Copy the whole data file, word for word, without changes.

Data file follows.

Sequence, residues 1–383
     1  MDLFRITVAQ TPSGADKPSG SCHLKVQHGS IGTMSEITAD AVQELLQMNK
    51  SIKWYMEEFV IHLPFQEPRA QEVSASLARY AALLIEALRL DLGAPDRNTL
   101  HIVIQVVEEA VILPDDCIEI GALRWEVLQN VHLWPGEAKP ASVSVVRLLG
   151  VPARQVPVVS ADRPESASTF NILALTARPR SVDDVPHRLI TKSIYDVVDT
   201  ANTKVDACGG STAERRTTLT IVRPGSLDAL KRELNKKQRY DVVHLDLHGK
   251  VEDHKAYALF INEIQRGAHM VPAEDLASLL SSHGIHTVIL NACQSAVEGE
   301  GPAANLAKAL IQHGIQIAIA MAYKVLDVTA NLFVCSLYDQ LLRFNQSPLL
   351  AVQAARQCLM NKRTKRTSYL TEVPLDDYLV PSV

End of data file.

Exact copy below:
Sequence, residues 1–383
     1  MDLFRITVAQ TPSGADKPSG SCHLKVQHGS IGTMSEITAD AVQELLQMNK
    51  SIKWYMEEFV IHLPFQEPRA QEVSASLARY AALLIEALRL DLGAPDRNTL
   101  HIVIQVVEEA VILPDDCIEI GALRWEVLQN VHLWPGEAKP ASVSVVRLLG
   151  VPARQVPVVS ADRPESASTF NILALTARPR SVDDVPHRLI TKSIYDVVDT
   201  ANTKVDACGG STAERRTTLT IVRPGSLDAL KRELNKKQRY DVVHLDLHGK
   251  VEDHKAYALF INEIQRGAHM VPAEDLASLL SSHGIHTVIL NACQSAVEGE
   301  GPAANLAKAL IQHGIQIAIA MAYKVLDVTA NLFVCSLYDQ LLRFNQSPLL
   351  AVQAARQCLM NKRTKRTSYL TEVPLDDYLV PSV